Uut oImb wore put in the waj of eatting on honed lining ufter 
tB. Ha ihould be kept in gool until be acquired bnbite of iudunry 
l^ ff\l him a Fhancei either in his own countrj or tome other, of 
i.*JM«l lirdihood, for if he were again sent into the world without an^ 
k« oT obtaining aubaistmce, be must aa a matter of coui»e fall into hi* 
t«veTBr determined be might be to reform himself. The mnn who 
o" that he got hia liTine in a le^timnto and honeit way, ehould be 
^ pince wbere he might learn habita of induitrj which might enable 
bi* own liTing. The introduction of better ciraumilanoea would ha*e 
#o«terlng better habit*, and to there might bo hope of reforming eren 
inrod Imbitual criminal. 

ECJIODIB, M.F., apprehended one of the greateit erila of the preaent 
nlabment waa an oril diiUnotly atlributablo to Icgiabtion. For many 
ffcA Riding of York, he had obeerred, with regret, Iho difficulty that 
■vrorkins of an Act of Parliament, which required that, whcra the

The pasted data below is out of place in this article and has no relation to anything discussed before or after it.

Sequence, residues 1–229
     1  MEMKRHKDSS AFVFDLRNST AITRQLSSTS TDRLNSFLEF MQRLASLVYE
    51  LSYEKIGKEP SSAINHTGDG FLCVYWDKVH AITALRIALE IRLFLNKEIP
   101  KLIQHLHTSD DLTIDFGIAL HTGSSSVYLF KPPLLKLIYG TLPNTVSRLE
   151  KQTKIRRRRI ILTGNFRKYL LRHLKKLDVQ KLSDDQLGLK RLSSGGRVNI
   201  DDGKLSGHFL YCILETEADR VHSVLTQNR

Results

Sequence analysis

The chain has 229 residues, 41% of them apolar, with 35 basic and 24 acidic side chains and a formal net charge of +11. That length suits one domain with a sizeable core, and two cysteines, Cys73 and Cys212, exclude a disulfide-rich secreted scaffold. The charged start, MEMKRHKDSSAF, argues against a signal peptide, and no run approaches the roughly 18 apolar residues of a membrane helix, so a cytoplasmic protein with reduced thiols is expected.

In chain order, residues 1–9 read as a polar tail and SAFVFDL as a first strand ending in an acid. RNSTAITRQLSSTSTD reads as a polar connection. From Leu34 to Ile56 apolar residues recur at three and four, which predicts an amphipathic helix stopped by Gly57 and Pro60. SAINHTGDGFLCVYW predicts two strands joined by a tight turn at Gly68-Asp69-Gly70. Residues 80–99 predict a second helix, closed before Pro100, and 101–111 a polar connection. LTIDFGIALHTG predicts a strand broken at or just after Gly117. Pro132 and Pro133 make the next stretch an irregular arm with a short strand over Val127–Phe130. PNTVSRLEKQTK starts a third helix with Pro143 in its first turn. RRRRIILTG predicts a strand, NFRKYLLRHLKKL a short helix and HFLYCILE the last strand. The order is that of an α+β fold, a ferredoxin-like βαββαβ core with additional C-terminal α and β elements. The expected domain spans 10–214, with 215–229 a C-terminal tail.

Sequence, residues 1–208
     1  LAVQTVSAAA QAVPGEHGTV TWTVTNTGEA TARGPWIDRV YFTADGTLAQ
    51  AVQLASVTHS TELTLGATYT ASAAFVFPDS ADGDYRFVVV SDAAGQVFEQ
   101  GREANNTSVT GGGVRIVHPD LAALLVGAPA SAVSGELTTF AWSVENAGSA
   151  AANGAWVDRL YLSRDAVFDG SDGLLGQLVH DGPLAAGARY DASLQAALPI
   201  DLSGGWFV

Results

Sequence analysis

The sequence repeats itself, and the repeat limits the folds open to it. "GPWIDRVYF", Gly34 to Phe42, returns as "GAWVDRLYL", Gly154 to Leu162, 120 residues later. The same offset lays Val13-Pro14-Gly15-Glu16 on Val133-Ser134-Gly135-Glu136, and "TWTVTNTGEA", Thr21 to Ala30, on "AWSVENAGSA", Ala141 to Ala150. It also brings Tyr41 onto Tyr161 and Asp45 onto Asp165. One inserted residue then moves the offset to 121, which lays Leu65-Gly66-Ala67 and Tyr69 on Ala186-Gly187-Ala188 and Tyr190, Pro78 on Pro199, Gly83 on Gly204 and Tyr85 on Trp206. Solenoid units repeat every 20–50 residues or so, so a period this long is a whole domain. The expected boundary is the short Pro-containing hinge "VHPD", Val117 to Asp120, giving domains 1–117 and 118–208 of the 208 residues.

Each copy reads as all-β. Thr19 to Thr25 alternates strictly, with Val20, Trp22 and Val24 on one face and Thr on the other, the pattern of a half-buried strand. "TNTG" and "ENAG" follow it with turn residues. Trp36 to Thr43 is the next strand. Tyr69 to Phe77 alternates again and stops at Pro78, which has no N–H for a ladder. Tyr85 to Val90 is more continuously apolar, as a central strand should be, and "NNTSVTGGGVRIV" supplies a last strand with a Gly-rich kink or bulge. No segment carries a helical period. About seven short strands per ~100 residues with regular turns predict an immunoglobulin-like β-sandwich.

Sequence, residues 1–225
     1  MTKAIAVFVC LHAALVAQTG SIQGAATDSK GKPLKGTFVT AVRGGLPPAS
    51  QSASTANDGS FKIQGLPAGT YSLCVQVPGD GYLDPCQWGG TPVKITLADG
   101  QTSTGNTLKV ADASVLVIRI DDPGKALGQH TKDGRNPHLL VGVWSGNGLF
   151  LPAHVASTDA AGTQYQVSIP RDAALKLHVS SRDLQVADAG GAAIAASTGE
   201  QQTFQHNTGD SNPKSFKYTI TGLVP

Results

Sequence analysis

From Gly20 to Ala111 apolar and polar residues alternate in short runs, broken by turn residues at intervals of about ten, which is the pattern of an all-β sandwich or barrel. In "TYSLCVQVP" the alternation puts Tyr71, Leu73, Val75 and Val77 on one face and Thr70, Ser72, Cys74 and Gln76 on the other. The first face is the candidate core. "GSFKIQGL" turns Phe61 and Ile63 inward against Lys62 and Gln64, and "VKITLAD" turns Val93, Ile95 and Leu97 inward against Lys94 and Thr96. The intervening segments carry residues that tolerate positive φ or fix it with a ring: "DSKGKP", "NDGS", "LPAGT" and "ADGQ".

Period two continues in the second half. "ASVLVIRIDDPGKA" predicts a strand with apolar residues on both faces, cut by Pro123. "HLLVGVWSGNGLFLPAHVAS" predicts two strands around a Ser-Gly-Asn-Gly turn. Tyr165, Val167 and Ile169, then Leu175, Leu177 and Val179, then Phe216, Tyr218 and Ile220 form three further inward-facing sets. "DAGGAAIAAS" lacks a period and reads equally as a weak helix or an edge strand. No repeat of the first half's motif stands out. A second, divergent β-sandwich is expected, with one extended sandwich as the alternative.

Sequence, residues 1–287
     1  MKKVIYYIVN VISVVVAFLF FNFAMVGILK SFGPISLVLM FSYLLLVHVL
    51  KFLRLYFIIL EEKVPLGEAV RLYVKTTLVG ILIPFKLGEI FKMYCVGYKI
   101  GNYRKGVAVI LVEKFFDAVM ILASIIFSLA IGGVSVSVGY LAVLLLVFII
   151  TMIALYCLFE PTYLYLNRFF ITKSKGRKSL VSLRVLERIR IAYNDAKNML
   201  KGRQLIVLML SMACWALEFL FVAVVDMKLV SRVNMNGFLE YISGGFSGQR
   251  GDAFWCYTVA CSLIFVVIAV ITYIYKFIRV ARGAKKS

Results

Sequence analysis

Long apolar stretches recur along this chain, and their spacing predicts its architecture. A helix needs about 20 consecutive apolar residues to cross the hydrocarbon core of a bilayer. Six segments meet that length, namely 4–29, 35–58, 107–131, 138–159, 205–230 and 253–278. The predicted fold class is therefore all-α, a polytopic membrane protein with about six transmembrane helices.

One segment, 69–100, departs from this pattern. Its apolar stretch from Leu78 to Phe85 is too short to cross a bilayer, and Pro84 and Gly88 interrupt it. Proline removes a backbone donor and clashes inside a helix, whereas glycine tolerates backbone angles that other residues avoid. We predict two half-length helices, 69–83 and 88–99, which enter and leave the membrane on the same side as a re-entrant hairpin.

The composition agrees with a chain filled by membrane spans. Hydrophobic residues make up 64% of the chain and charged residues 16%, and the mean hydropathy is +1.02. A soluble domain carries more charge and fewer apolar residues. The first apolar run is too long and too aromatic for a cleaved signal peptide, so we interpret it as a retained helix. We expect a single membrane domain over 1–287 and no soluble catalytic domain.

gc» had a prerioualy conrictod prisoner before them, and one whom 
"- ougfat to send to penal serTitude, the term under such pireumaMinoeB 
lewk than aeron years. As had been truly remarked, the principal 
tbe reformation of the offender, whether jurenilo or adult, was to 
. pnniahmenC felt. With regard to tlie puniahmoat of tbe ;rouiig he 
^ abort BoUlary confinement would have the effect of reforming a lad 
ti it might bo desirable to allow magiatTDlas to exeroiso the power, 
y -wpre persuaded, from the ciroumatancee of the case, that no other 
.niihment would aufflce. For his part, howerer, he beliereil juTonile 
»«»ld bo beat roprflfsed by imposing a fine upon the father or care- 
looting to look after hia ofiild. The fallier would then feel the noons- 
JMg future pcnolljea, and would, in all probability, prraerre bis child 
V^lnt hod been done, up to thnt time,' for the oil; "Arab?" Nothing 
Mut, when the potioe got hold of him and took him before a magie- 
lai' wouC punishment, aud was then let loose upon aociety, no belter 
a e^lueation. Indosd, if a plan were propotod to educate thivree, none 
>» •jfectiTa than that adopted in the treatment of the nnfortunnto city 
'<Mun ago, thanks to Hr. Barwick Baker, the first ides of rclormntinn 
iHiy e^^ed into effect. More, however, yet remained (o be done by 
BviQr tJDM Hr, Bsrwick Boker'a plan was brought forward, ho lutd held 
ay rale, it was not desirable to leore reformatory echoola iiitdcr 
on entirely, but that punishment, with reference to any age or 
_ . . be under state control. Ho still mnintoined that state control 
^•peciaUy in the punishment of jurcnile criminab. With regard to